Younger teachers in Illinois, whose pensions were slashed last year by the legislature, should start asking whose benefits they're really paying for. The new Tier 2 pension only costs about 5 percent of salary...yet teachers are paying 9.4% of their salaries into the Teacher Retirement System. This takes the usual shell game of wealth transfers from younger and more mobile teachers to retirees to a whole new level: theft.

My hometown newspaper, the Southern Illinoisan, is running a story that explains who benefits the most richly from the old Tier 1 pension: union functionaries who stopped teaching decades before retirement but still receive a state-funded pension:

Then there is Kenneth Drum. TRS pays Drum more than $160,000 a year, despite Drum only working for 12 years as a teacher.

Drum's large pension comes not from his time in the classroom, but rather because of a 20-year career at IFT. Drum has collected more than $2 million from TRS since retiring in 1994, and is one of 21 former NEA, IEA, IFT or IASB employees who has collected more than $1 million from the TRS since retiring.

Comerford said he couldn't speak for individuals as to


Today on the Learning Matters blog (an affiliate of PBS) check out a discussion on teacher training programs and teacher quality, featuring New?Leaders for New Schools'?Jon Schnur, Allan Odden, Public Impact's Julie Kowal and Sharon Kebschull Barrett, and yours truly (among many others).

My piece is below in full but be sure to check out the full discussion online and leave your own comments.

?Know it when you see it?? Hardly.

We can't improve the quality of our nation's educators or teacher training programs without a serious dialogue around what good teaching looks like, especially for the most at-risk students for whom excellent teaching is most vital. Further, policies must be structured in ways that tease out the attributes and skills of excellent educators and identify and develop these in less effective teachers.

In Ohio, we frequently hear that it's just not possible to do this fairly. But experiences from other states and districts prove otherwise. We interviewed teachers evaluated under the District of Columbia's IMPACT system ? which measures hallmarks of strong instruction like checking for understanding, engaging students, and delivering content clearly. Overwhelmingly DC teachers believed that it correctly identified high and low performers as...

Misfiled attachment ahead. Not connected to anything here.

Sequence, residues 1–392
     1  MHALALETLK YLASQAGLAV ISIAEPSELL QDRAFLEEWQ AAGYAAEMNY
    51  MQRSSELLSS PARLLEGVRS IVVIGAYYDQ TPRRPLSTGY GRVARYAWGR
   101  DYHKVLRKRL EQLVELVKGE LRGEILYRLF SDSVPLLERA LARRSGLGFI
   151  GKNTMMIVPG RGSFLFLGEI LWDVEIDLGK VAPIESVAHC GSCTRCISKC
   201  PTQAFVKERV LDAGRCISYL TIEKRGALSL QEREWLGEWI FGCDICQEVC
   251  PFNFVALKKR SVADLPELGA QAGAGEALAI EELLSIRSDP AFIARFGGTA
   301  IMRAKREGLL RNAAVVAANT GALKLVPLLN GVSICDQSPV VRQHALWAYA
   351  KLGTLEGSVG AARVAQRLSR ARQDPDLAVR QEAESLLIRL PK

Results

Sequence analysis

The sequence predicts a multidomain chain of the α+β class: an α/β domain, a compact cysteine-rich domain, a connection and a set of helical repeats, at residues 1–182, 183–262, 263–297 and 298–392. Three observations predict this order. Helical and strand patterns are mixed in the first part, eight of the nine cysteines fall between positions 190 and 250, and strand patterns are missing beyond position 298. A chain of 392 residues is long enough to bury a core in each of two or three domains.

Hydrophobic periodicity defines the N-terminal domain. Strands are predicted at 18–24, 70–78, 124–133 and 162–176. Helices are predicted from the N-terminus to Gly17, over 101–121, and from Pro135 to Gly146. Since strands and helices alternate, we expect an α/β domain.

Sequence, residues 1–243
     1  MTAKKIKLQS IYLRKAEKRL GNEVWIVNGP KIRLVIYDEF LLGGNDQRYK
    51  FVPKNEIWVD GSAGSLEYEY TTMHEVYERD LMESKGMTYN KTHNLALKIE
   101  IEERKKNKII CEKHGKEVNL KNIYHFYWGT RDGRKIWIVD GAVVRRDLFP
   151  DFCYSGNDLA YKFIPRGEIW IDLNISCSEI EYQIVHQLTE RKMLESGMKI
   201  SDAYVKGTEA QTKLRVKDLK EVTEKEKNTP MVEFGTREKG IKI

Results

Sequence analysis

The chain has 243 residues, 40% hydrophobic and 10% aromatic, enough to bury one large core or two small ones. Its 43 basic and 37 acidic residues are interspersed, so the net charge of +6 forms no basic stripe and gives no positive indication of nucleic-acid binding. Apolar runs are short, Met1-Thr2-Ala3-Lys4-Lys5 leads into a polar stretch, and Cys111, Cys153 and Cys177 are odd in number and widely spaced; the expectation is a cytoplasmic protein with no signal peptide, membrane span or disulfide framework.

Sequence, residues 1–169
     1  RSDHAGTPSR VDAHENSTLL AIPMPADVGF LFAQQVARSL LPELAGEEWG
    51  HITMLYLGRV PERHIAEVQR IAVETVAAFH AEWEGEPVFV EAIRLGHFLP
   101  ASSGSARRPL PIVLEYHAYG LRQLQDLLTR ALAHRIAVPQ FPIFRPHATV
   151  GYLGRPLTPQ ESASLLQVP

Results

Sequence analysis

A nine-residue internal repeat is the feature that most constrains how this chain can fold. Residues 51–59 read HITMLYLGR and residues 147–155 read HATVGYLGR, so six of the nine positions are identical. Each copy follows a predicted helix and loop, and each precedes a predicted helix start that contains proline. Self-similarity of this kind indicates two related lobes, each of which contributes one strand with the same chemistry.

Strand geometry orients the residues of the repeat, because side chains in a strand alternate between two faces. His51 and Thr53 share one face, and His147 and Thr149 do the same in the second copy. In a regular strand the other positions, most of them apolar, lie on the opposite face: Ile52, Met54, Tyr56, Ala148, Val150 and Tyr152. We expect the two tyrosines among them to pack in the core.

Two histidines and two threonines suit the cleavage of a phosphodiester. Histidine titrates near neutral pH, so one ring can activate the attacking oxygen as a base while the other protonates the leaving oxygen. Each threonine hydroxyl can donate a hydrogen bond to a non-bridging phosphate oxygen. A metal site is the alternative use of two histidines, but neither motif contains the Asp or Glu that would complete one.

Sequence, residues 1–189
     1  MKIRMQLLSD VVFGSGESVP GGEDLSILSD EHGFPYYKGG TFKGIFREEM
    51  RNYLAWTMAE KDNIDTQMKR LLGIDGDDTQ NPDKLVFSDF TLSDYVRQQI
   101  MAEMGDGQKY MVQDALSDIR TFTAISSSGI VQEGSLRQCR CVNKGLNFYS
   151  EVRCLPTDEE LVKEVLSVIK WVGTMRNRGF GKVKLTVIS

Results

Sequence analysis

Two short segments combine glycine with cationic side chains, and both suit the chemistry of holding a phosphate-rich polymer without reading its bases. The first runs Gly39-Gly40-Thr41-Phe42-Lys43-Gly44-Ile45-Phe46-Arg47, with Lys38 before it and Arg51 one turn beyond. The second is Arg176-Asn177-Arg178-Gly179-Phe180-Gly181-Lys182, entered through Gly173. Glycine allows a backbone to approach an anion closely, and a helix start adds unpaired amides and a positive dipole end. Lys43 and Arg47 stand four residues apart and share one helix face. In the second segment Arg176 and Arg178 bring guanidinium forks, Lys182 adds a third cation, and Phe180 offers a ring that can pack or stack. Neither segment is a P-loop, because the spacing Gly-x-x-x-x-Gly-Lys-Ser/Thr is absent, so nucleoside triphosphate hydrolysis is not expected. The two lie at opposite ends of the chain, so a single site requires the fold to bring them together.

I gave up bashing teachers years ago, when I realized that, as with soldiers in the trenches, they had their hands full just staying alive. What I never understood, however, since this wasn't really a war, was why teachers seemed to hide behind their unions on so many school management questions, seemed to be as meek as mice on policy and pedagogy and curriculum issues, and were downright defensive about any criticism of them or their profession. And this was going to be my post, a few weeks ago, responding to Walt Gardner's letter to the editor in the New York Times, in which he opined that teachers ?deserve more than the unrelenting criticism they've endured since the accountability movement began.?

It's a worthy subject,? but I was turned from the ?unrelenting criticism? hokum by an email from New York City teacher Mark Anderson, with his announcement that ?A new school year begins! Here is the third post in my series on curriculum, in which I advocate for a unified core curriculum.?? His post is here and I read it with great joy, but I will get to that in a moment.


In times...

Thank goodness for Fordham's Peter Meyer, a master at turning policy gibberish into plain English. But can it possibly be true, as reported in his recent post, that the Regents and the New York State Department of Education went to court with the teachers union over whether test scores would count as 20 percent or 40 percent of a teacher's annual evaluation? And, after losing, that they are planning to use additional public funds to appeal?

Set aside the fact that New York's evaluation law (passed to prime the Race to the Top pump) clearly set the ratio at 20 percent. There's a larger point: WHO CARES?

We are at the very beginning stages of teacher evaluation reform. For the first time in history, states and school districts are aiming to take the evaluation of teachers seriously. But when it comes down to the details, we've got little more than educated guesses about what might work best. Yes, tying 40 percent of an evaluation to test scores might make it easier to dump a teacher who gets terrible results. But it might also create unhealthy pressure for ALL teachers in the state to teach narrowly to...

The Education Gadfly

If memory serves, the old TV show Hart to Hart used to begin with the narrator intoning, ?And when they met, it was murder.? Well, earlier this week AFT honcho Randi Weingarten and I engaged in a hard-hitting but genial debate at the Fordham Institute. Within a couple hours, we experienced the most severe East Coast earthquake in sixty-plus years. A coincidence? You decide. The Oprah-style affair, titled ?When Reform Touches Teachers,? was adeptly hosted by Fordham's Mike Petrilli. You can catch the video online here or when it shows on C-SPAN.

In my experience, these kinds of ?union leader v. ?reformer'? conversations tend to go in three unfortunate directions. The first is that everyone engages in vague ?it's for the kids? banalities, agree that the kids must come first, and pledge vague, meaningless collaboration going forward (e.g. see the Denver labor summit that the U.S. Department of Education hosted in February). The second is that the self-styled reformers beat on the union leader to concede on this or that, or the unionists squeeze the reformers to utter reassuring things about how much they love and respect teachers. And the third is when everybody just...